Home business tax dodgers beware!
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Home business tax dodgers beware!
Tess Vigeland: T-minus two, people. Two weeks to file your taxes. If you’re scrambling to get it done, here’s a reminder: If you sold anything for a profit — at a garage sale, on Craigslist or eBay — and you don’t report it? That’s tax evasion. And this year, changes are coming for online retailers who’ve flown under the radar for years.
Jennifer Collins reports.
Jennifer Collins: When we think of tax evasion, this guy often comes to mind:
Archival newsreel: Al Capone finds an enriled government ready to put him behind bars.
You know the story: Capone made a fortune running a vast smuggling operation during Prohibition. He was brought down — like so many other gangsters — because he didn’t pay his taxes. It was tough for Capone to convince anyone that he “forgot” about his considerable earnings; it’s a little different for smaller operations.
Lisa Williams: This is my page, She’s So Crafty Goods.
Williams has been selling art and accessories online for more than four years. She works out of her house in a D.C. suburb.
Williams: When my son was born, I didn’t really want to go back to a regular job.
Sound of sewing machine
Williams makes felt baby booties decorated with rosettes and tiny daisies that go for about $25 a pair.
She sells them on Etsy, an online marketplace which specializes in handmade goods. Things like latte cozies knit to fit a Starbucks cup or purses made of a hollowed-out birch log. The sellers are responsible for reporting their earnings. But many people, including Williams, start out thinking of their Etsy shops as a hobby. So when tax time comes around, they just don’t file or they don’t claim everything.
Williams: And I know this for a fact, because sometimes you’ll talk to other Etsy sellers in general who will totally say stuff like “Oh yeah, I’m not filing my, I don’t, I don’t claim this on my taxes, why am I claiming this on my taxes?”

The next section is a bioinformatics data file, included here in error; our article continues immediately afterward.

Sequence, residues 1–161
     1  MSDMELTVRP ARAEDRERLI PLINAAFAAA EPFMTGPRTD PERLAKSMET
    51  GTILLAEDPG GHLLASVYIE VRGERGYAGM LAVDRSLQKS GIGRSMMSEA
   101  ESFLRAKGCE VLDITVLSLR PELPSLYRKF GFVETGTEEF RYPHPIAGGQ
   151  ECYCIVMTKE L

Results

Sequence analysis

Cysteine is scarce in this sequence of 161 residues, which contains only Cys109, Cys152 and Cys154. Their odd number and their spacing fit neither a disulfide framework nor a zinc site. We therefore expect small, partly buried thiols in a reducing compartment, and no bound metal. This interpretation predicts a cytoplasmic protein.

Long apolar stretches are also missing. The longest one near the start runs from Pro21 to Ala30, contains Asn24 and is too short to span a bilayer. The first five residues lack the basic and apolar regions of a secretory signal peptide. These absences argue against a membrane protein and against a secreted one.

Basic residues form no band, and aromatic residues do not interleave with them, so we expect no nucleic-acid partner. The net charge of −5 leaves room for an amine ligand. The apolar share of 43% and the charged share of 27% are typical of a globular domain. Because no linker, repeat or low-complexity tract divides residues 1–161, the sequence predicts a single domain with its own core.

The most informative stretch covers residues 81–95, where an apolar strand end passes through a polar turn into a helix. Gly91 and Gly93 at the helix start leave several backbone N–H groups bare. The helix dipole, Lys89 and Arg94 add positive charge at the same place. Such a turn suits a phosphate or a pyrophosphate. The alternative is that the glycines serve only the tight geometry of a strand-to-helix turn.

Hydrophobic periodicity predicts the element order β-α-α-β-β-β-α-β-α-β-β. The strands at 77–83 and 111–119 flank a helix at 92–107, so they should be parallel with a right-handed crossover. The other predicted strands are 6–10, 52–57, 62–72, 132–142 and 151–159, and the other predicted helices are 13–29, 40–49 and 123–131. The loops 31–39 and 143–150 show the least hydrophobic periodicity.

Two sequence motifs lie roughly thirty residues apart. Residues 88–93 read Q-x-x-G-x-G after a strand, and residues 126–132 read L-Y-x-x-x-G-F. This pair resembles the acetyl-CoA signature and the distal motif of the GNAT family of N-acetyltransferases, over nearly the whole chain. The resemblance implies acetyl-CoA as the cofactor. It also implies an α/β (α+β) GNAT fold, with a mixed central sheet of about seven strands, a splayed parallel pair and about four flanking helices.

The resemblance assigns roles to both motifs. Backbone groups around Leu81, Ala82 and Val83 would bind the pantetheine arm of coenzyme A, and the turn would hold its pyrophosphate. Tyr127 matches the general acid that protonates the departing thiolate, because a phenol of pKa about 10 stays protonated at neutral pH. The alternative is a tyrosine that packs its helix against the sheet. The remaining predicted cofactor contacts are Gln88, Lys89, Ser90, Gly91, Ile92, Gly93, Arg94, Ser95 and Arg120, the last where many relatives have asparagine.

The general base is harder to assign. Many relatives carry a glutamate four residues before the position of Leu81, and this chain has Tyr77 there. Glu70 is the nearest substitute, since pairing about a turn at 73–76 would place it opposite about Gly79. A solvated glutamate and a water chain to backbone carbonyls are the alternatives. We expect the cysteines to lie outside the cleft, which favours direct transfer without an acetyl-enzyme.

Market research IDC says there are about 14 million home-based e-retailers in the U.S. Their ranks have grown by almost 25 percent since the economy took a dive. While it’s tough to say how many fail to report income…
Martin Press: We believe that it’s millions of taxpayers.
Florida tax attorney Martin Press says the problem’s gotten worse since the recession. Etsy doesn’t issue 1099s or other tax forms for its sellers. So many people don’t realize they need to claim their online earnings. Others forget about the few hundred dollars they made re-selling that vintage gown. And some people cheat deliberately.
Press: More and more people are falling into this realm and no taxes are taken out and they don’t have the money to pay at the end of the year and they’re not filing their income tax returns.
There have been major cases — like the eBay seller who was also an IRS employee and failed to report her $40,000 “side business.” But Press says IRS agents rarely audit small-time offenders, so it takes some pretty glaring errors to tip them off. Things like failing to file at all, which Press says is more common than you’d think. Or having someone report them.
USC tax law professor Ed Kleinbard says — as long as the math adds up, most small offenders never get caught.
Ed Kleinbard: It’s understandable some taxpayers may want to play the audit lottery, because the IRS has very limited resources.
He says the government is starting to pay attention. This year for the first time, PayPal — which processes many online payments — has started sending tax forms to sellers on sites like Etsy, Half.com and eBay.
Kleinbard: Nothing concentrates the mind, like recognizing that the IRS already has that information.
So far, PayPal sends forms only to big sellers who have 200 transactions or bring in $20,000. That’s not Lisa Williams. She says she makes far less than that.
Williams: Let’s see I’m at 81 views already, 10 favorites and one order.
And Williams says only a pair of booties here or there falls through the cracks.
Williams: For me, I would probably say, maybe $25, $30. I think that’s much pretty standard for anybody.
And so far…
Williams: I’ve never been audited. I wear that as my badge.
And she wants to keep it that way.
I’m Jennifer Collins for Marketplace.
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